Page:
I love podcasts. I find them to be so enjoyable.
Some podcasts are entertaining, others are informative and educational and others are downright interesting. On a typical day, you can expect me to be listening to either…
- The Joe Rogan Experience
- Unemployable with Brian Clark
- StarTalk with Niel DeGrasse Tyson
- The Way I Heard It with Mike Rowe
Podcasts are so personal. I truly feel like I know these people. Joe Rogan gets 90 million downloads a month but I still feel like he and I are on a first-name basis. (we’re not btw) Podcasts give an extra bit of personalization because you can really understand someone’s emotions and feelings through the inflections and tone of their voice.
This personal touch is a reason why podcasts can be such a great business and marketing tool. Building an audience through a podcast can potentially change your business. Your audience will trust you because they feel like they are getting to know you on a personal level.
About year ago, I decided to create my own podcast network. I was truly amazed by how complicated the setup process was. I’ve seen dozens of people show interest in a starting a podcast but couldn’t figure out how to set one up from a technical standpoint.
This article is going to break down, step by step, exactly what I did to set up my podcast and how to grow it.
Step 1 – Set Up a Libsyn Account
Libsyn is a CMS that will host your audio files.
Just like this site is a WordPress site, Libsyn is essentially a type of WordPress but for audio. It is where you can upload your raw audio files and have them be hosted on a server that will put them on the world wide web.
Start at Libsyn.com, create an account and start with the minimum package which is only $5 a month. Depending on how much audio you create, and how much data you need, your pricing will probably increase. $5 is really just a starter package to bait you in. To create a real podcast you will need to at least sign up for their $15 a month program. It’s worth it.
Step 2 – Create other Podcasting Accounts
Telling you straight up, I don’t do this, but if podcasting is your primary focus, then I would highly recommend doing so.
Sign up for accounts for Stitcher and also SoundCloud. I would think of these two platforms almost like a YouTube for audio. It is a website where people can upload their episodes and other people can like and share them.
Sticher and Soundcloud are great ways to grow your audience. Again, if you really want to focus on creating a killer podcast, you will want to sign up for these services.
Step 3 – Connect your Podcast to iTunes
Apple is pretty confusing.
They offer zero customer service and assistance with their online products. If you walk into an Apple store you are immediately swarmed with nerds in blue shirts trying to sell you stuff but in terms of using their online software, they are pretty useless.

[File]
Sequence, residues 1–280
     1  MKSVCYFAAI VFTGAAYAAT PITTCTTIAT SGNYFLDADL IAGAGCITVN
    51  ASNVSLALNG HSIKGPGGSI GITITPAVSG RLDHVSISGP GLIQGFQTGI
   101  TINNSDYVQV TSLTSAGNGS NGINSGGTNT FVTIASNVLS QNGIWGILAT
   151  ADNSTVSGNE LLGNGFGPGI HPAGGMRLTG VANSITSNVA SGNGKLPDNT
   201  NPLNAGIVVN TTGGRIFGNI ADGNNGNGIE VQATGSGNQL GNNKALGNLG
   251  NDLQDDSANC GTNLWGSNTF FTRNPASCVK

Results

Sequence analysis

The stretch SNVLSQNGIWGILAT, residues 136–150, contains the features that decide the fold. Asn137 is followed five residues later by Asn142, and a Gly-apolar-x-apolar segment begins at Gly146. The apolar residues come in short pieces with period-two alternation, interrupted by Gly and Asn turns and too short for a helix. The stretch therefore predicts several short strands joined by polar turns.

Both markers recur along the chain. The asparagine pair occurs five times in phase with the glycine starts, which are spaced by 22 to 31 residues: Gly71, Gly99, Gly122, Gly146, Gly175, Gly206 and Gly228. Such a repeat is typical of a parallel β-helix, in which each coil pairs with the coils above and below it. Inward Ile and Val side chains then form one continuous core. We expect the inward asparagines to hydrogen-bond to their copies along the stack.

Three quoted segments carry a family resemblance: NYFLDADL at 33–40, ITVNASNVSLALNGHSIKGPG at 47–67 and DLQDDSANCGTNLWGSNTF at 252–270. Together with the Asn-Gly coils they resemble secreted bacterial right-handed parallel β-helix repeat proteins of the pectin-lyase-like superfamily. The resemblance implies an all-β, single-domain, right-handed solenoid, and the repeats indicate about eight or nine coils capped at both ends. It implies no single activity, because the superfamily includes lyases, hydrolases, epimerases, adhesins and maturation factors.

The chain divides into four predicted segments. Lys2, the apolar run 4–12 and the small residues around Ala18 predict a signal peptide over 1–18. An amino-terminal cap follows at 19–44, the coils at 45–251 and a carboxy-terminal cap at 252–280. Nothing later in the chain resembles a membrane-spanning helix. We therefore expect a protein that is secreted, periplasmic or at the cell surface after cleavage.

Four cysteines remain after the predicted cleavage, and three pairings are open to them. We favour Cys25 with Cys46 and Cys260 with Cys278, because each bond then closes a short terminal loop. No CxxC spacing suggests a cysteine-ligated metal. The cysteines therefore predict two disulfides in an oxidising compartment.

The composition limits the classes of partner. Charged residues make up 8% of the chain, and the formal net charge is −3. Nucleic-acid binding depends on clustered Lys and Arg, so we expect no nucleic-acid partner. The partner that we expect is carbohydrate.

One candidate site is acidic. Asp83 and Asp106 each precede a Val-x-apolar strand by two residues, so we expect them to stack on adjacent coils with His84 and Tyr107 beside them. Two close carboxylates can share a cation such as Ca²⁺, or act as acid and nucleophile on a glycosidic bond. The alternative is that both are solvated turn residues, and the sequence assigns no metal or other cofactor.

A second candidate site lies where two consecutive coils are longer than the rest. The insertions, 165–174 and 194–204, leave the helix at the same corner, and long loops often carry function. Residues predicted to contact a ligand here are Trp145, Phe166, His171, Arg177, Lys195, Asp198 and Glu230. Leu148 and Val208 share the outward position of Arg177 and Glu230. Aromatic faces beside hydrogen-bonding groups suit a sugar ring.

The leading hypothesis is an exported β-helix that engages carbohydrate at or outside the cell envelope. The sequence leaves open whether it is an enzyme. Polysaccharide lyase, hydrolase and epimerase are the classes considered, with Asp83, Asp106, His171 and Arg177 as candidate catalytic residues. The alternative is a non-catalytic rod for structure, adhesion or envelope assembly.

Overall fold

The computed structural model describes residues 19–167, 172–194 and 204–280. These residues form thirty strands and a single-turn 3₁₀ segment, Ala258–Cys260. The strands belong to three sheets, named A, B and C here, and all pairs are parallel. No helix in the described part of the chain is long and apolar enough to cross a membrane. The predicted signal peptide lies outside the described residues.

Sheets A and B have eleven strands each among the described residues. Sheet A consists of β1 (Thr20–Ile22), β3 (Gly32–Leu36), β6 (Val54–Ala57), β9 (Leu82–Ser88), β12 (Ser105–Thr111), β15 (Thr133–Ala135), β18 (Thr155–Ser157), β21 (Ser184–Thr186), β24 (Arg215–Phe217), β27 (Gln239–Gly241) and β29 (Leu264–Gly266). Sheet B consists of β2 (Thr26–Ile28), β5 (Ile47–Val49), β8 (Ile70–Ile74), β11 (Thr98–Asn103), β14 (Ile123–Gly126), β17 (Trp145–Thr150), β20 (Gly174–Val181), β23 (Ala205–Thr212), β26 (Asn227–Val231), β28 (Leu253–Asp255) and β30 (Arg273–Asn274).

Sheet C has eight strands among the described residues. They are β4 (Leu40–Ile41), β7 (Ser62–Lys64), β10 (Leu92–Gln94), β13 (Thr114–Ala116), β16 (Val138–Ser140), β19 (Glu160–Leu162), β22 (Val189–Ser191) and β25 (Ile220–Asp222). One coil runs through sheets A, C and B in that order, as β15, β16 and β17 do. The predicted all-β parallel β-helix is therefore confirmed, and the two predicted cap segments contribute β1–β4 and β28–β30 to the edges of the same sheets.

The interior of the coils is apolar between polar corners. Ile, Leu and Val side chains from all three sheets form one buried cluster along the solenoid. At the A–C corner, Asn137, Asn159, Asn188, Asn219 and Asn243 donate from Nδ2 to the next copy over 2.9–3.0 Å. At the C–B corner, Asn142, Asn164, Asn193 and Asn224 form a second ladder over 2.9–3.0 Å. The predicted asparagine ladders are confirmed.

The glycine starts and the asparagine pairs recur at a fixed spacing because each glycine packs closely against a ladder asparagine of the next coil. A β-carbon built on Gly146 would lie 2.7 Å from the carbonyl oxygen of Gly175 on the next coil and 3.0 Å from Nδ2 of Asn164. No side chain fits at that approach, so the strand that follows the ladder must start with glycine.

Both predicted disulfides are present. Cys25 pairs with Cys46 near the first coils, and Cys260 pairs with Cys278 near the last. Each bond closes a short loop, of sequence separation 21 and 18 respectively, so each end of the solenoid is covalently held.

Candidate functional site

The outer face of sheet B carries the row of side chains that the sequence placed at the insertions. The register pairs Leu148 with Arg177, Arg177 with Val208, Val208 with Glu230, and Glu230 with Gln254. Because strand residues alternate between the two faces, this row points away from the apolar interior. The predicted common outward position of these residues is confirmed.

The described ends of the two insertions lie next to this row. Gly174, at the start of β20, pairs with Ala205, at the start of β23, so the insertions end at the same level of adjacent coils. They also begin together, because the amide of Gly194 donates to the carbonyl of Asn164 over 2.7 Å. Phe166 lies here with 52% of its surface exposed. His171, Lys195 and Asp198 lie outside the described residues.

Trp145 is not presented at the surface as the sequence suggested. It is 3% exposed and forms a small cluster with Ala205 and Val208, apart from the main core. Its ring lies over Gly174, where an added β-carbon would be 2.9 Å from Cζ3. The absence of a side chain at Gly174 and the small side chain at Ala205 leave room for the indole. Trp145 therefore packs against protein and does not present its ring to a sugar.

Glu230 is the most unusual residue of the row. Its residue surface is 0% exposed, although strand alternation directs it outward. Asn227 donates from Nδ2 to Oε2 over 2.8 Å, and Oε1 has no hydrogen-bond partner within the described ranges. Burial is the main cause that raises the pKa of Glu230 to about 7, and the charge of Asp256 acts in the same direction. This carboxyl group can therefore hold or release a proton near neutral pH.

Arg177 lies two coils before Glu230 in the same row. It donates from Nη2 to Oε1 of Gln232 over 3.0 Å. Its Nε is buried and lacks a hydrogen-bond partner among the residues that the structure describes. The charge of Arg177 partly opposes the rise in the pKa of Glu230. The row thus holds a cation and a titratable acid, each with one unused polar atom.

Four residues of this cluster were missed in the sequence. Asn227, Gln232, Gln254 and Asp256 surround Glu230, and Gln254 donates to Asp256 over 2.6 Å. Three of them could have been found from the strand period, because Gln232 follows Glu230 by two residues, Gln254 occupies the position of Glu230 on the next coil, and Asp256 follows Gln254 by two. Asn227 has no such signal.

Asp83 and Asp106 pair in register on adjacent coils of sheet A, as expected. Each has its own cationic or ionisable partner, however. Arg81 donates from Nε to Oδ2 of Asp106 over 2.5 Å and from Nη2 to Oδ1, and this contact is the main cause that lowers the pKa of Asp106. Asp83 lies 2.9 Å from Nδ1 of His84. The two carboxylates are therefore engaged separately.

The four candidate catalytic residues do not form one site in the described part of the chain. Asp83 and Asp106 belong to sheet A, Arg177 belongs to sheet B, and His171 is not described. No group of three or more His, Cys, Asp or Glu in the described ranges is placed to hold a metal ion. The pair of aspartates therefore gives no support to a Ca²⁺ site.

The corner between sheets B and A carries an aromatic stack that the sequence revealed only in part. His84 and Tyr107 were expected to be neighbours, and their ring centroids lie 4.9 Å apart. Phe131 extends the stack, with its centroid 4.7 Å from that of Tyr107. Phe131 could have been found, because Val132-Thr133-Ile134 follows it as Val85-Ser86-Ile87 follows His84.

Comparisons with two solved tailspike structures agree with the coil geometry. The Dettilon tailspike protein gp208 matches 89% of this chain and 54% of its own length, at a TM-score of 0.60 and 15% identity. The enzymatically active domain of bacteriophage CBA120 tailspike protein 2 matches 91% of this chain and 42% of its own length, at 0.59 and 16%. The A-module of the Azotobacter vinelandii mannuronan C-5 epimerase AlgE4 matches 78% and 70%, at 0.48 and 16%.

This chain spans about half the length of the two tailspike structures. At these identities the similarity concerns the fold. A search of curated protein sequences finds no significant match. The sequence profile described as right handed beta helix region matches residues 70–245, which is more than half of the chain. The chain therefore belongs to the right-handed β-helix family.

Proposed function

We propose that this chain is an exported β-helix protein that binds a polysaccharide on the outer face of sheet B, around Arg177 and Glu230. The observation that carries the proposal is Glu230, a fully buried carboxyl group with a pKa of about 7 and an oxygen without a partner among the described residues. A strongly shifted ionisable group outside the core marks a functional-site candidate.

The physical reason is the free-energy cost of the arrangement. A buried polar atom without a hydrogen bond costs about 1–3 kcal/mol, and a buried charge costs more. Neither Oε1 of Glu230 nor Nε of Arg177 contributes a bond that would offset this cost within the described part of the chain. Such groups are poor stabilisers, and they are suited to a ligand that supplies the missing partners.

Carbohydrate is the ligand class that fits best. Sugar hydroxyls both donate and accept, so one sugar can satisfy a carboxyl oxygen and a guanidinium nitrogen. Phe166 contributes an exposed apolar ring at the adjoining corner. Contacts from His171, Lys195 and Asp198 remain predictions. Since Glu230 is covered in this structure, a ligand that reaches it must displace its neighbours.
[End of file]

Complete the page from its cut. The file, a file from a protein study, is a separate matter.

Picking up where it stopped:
This was the hardest part for me to figure out. So instead of spending hours on Google and creating accounts that you don’t need, I will tell you exactly what you need to do.
- You need to create a logo. The image has to be high rez and it has to be 1400 px by 1400 px. You need to upload this logo into your Libsyn account. You can do this by click on “settings -> edit show settings.”
- Go to https://podcastsconnect.apple.com and hit the + button at the top left.
- Go to your Libsyn account, click on “destinations -> edit or view existing.” You will see your podcast RSS feed. Copy that URL and paste it into the tab in your podcast connect account.
- Submit your podcast with the artwork and sit back for Apple to approve your podcast on iTunes.
It’s simple enough, but Apple never actually tells you about the podcast connect so I spent hours and hours trying to figure out how to do it.
You have to understand that iTunes is not an actual podcasting software, they just pull a feed from your Libsyn account (or wherever the podcast is actually hosted) and display it in their own mobile app.
iTunes is the biggest distributor of podcasts by far. It is through iTunes that you can build subscriptions and increase your downloads and truly grow your audience. Follow the steps I listed and you will be just fine.
Step 4 – Start Recording Episodes
I know what you’re thinking. “Don’t I need to buy audio recording equipment?” We will get there, but good equipment isn’t as important as you think, especially when you are just starting out.
The hardest part of creating a podcast is getting comfortable in front of a mic and creating engaging audio content for an “imaginary audience.” There will definitely be moments when you find yourself lost for words and because of that, you second guess yourself and you change your mind when hitting that intimidating publish button.